After independence the ruling Congress’ barely concealed attempt to downplay the contribution of Bose and his INA and promote Gandhi and Nehru instead, only added to the belief in the Hindu Right Wing (Sangh Parivar) that the Congress had something critical to hide.
In the First Netaji Subhas Chandra Bose Memorial lecture in New Delhi, India’s National Security Advisor Ajit Doval said that Gandhi told the first Indian army chief, Gen.K.M.Cariappa, that India did not need an army because it had no enemies. Gandhi’s theory was not accepted by the Nehru government.
However, the Nehru regime did not believe in muscular power. It’s emphasis was on projecting India as a moral force and as an advocate of peace and amity. This led to the weakening of the defense forces and defeat at the hands of the Chinese in 1962, Doval said.
Propping Up Strong Men
Since independence and particularly in the last few decades, the RSS and its offshoots have been propping up “strongmen” like Bose and Sardar Patel and denigrating “weak” leaders like Gandhi and Nehru. It is said that it was only Bose who stood for complete independence and not Dominion Status, while the fact was that it was under Nehru’s Presidency in 1929 that the Congress resolved to fight for “Poorna Swaraj”” (Complete Indpendence).
However, the fact that Congress regimes had been soft-pedaling its “strong” leaders to keep Nehru and Gandhi in the limelight only added grist to the Hindutva mill.
Modi Regime Re-orients Policy
In the early days, Hindutva outfits did not glorify the exploits of Indian troops fighting for their British masters. Perhaps this was because of the absence of ideological clarity in their minds. But the Modi regime has emerged from ideological inhibitions. This is because the regime’s first and foremost goal is to awaken India’s innate martial prowess for its bid to project India’s power and influence in the region and across the globe. As Doval said in the Ist Netaji Subhas Bose lecture cited above, no country would respect India if it was not strong militarily.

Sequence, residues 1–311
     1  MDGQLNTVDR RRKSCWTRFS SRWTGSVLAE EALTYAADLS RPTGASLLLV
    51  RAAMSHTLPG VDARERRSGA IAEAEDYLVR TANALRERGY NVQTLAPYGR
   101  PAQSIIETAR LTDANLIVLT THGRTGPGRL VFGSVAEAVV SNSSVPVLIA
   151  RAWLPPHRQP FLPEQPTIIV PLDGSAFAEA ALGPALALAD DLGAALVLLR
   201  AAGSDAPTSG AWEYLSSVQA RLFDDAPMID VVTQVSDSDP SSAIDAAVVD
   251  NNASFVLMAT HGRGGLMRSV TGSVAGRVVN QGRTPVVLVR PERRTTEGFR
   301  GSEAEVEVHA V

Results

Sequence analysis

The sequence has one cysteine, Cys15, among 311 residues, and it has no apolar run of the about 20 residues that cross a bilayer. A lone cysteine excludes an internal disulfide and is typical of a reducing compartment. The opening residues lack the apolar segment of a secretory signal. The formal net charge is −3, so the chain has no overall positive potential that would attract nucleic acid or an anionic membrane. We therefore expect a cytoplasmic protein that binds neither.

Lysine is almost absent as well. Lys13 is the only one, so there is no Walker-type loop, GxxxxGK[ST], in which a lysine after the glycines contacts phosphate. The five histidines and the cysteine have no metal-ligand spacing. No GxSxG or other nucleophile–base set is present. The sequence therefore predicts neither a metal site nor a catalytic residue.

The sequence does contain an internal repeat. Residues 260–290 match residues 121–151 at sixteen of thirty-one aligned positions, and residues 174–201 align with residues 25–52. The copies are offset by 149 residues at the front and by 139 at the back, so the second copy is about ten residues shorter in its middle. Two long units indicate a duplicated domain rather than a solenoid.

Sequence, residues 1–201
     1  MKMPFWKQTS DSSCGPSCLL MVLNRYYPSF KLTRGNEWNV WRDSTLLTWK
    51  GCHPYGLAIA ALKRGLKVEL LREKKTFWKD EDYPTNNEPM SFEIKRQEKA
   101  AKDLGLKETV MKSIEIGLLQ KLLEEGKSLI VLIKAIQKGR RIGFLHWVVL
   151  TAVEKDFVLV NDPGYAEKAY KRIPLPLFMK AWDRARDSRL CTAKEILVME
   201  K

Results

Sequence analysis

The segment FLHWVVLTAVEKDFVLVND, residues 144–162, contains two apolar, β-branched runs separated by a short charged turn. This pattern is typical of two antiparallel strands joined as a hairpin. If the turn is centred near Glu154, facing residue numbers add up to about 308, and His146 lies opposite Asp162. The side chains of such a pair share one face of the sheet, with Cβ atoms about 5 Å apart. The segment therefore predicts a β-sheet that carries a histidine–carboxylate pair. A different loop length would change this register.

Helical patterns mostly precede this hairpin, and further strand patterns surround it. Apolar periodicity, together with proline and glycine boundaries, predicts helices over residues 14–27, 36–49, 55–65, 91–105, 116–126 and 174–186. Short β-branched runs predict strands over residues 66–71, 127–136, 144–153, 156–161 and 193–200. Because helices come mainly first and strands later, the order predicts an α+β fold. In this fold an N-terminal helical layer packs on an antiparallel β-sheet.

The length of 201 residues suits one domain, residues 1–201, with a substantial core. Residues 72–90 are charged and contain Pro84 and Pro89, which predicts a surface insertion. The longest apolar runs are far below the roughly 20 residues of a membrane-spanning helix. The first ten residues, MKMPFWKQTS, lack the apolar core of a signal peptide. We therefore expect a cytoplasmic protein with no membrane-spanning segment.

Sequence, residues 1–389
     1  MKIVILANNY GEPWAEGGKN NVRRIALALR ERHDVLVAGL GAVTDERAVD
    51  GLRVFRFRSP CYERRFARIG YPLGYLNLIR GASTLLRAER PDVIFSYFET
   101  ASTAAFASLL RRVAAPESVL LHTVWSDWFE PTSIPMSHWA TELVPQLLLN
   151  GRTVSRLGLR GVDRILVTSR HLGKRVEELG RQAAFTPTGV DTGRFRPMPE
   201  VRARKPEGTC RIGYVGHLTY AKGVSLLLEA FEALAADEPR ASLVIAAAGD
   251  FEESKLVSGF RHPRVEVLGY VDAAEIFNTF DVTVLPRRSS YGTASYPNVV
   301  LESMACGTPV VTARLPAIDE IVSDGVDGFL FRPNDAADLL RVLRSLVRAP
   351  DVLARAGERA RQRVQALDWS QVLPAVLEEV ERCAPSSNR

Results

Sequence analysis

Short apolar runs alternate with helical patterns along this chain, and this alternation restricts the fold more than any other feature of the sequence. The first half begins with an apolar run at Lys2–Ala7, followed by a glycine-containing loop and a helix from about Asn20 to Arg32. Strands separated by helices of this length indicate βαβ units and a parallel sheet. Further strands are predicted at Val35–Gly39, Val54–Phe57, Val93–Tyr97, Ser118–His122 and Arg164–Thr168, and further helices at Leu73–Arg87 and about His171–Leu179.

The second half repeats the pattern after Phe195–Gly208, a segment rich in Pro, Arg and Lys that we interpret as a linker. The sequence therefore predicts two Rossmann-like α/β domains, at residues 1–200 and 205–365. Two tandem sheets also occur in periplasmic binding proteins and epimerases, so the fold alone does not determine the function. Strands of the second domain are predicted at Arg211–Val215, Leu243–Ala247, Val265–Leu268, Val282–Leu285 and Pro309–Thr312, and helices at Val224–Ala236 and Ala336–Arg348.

The RSS, its offshoots and the Modi regime, will from now on view the exploits of India’s soldiers favorably no matter who they fought for. The important thing is the promotion of a martial spirit among Indians. This spirit has to be highlighted and celebrated to bring about a critical change in the Indian mindset. Hindutwa’s thought leaders are at pains to establish that the Muslim invaders’ depredations would have been far more if the Hindu kings had not fought them tooth and nail. It is time the innate martial spirit was revived, they believe.
At the end of the 19 th.Century, the British created the concept of “martial races” to classify Indians for military recruitment and identified the Punjabis (especially Punjabi Muslims), the Baloch, Sikhs, Rajputs, Mahrattas and the Gurkhas as martial and preferred them for military service. This divided an already heavily divided India. However, the British abandoned the martial race theory during War War II and the successor Indian governments followed suit.
But now, the Hindutva outfits want this distinction to go completely. It wants all Indians to acquire martial traits for the defense of the country. As part of this, the Modi government has begun recognizing the exploits of Indian soldiers in the defense of the British Empire.
However, the government has taken care to couch this in a language that would appeal to the Indians’ anti-colonial mindset and the democratic world at large. This is exemplified in Jaishankar’s tweet on his visit to the war memorial in Cairo. “Indians have made sacrifices across the world in the service of humanity. They inspire us as we strive to create a more contemporary and equitable global order” he said. The soldiers had in fact died for the “general good of the world.”